On line 75 of Form NS428, calculate and enter your credit to a maximum of $2,000.

Supporting documents
If you are filing electronically, keep all your documents in case we ask to see them later.
If you are filing a paper return, attach your Form NSLSV.

Line 77 – Equity tax credit

You can claim this credit for investments in eligible shares you acquired in 2018 (that you did not claim on your 2017 return) or in the first 60 days of 2019.

How to claim this credit

Complete Form T1285, Nova Scotia Equity Tax Credit.

Enter, on line 77 of Form NS428, the tax credit calculated on line 6 of Form T1285.

Supporting documents
If you are filing electronically, keep all your documents in case we ask to see them later.
If you are filing a paper return, attach your Form T1285 along with your NSETC-1 receipt, Nova Scotia Equity Tax Credit.

Line 79 – Age tax credit

You can claim this credit if you meet all of the following conditions:

  • You were a resident of Nova Scotia on December 31, 2018.
  • You were 65 years of age or older on or before December 31, 2018.
  • Your taxable income from line 260 of your return was less than $24,000.

If you qualify for this credit, enter $1,000 on line 79 of Form NS428.

If you are preparing a return for a resident of Nova Scotia who died in 2018, you can claim this credit on the deceased person’s final return if they were 65 years of age or older on the day of death and their taxable income was less than $24,000.

Line 81 – Nova Scotia volunteer firefighters and ground search and rescue tax credit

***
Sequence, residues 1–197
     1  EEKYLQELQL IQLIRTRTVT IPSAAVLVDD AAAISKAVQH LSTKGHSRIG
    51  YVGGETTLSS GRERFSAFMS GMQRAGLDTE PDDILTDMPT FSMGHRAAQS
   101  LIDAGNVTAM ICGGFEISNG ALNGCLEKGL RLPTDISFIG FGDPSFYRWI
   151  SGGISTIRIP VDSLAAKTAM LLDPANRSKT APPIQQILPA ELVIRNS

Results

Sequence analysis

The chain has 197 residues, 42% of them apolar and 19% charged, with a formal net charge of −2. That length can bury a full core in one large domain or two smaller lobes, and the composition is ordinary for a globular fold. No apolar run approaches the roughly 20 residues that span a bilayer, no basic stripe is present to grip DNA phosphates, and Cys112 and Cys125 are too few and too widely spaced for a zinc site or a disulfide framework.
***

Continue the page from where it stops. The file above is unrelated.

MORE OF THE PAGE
You can claim this credit if you meet all of the following conditions:

  • You were a resident of Nova Scotia on December 31, 2018.
  • You were a volunteer firefighter or a ground search and rescue volunteer for a minimum of six months during the period of January 1 to December 31, 2018.
  • You did not receive salary, wages, or compensation, other than reasonable reimbursement or allowance for expenses.
  • For a volunteer firefighter, you were listed as a volunteer firefighter on the report filed by the fire chief of the volunteer fire department.

If you qualify for this credit, enter $500 on line 81 of Form NS428.

If you are preparing a return for a person who died in 2018, you can claim this credit on the deceased person's final return if they were a resident of Nova Scotia on the day of death and met all of the conditions.

Report a problem or mistake on this page
Please select all that apply:

Thank you for your help!

You will not receive a reply. For enquiries, contact us.

Date modified: